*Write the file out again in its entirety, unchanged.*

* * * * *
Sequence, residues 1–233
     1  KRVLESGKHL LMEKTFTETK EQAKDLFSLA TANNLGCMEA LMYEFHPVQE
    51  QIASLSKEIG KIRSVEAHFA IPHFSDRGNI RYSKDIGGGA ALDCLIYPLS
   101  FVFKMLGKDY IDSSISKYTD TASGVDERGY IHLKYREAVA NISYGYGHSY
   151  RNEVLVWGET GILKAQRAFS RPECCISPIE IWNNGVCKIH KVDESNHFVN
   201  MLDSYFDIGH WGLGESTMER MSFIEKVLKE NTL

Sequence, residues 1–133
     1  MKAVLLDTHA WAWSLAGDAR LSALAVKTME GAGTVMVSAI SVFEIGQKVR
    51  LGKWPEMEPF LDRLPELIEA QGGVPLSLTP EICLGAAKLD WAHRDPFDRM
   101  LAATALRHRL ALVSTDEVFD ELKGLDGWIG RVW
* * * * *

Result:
Sequence, residues 1–233
     1  KRVLESGKHL LMEKTFTETK EQAKDLFSLA TANNLGCMEA LMYEFHPVQE
    51  QIASLSKEIG KIRSVEAHFA IPHFSDRGNI RYSKDIGGGA ALDCLIYPLS
   101  FVFKMLGKDY IDSSISKYTD TASGVDERGY IHLKYREAVA NISYGYGHSY
   151  RNEVLVWGET GILKAQRAFS RPECCISPIE IWNNGVCKIH KVDESNHFVN
   201  MLDSYFDIGH WGLGESTMER MSFIEKVLKE NTL

Sequence, residues 1–133
     1  MKAVLLDTHA WAWSLAGDAR LSALAVKTME GAGTVMVSAI SVFEIGQKVR
    51  LGKWPEMEPF LDRLPELIEA QGGVPLSLTP EICLGAAKLD WAHRDPFDRM
   101  LAATALRHRL ALVSTDEVFD ELKGLDGWIG RVW